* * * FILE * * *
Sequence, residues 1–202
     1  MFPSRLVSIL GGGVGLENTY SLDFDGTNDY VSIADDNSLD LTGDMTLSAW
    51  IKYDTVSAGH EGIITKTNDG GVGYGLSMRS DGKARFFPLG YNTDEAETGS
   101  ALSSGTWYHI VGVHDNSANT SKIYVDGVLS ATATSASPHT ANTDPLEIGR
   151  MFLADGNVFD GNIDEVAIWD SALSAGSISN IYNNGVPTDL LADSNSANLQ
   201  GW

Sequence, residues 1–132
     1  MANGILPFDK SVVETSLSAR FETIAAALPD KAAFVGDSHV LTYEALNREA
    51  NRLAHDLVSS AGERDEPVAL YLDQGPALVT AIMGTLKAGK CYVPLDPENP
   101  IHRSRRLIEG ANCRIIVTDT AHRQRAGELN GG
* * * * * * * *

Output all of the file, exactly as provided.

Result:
Sequence, residues 1–202
     1  MFPSRLVSIL GGGVGLENTY SLDFDGTNDY VSIADDNSLD LTGDMTLSAW
    51  IKYDTVSAGH EGIITKTNDG GVGYGLSMRS DGKARFFPLG YNTDEAETGS
   101  ALSSGTWYHI VGVHDNSANT SKIYVDGVLS ATATSASPHT ANTDPLEIGR
   151  MFLADGNVFD GNIDEVAIWD SALSAGSISN IYNNGVPTDL LADSNSANLQ
   201  GW

Sequence, residues 1–132
     1  MANGILPFDK SVVETSLSAR FETIAAALPD KAAFVGDSHV LTYEALNREA
    51  NRLAHDLVSS AGERDEPVAL YLDQGPALVT AIMGTLKAGK CYVPLDPENP
   101  IHRSRRLIEG ANCRIIVTDT AHRQRAGELN GG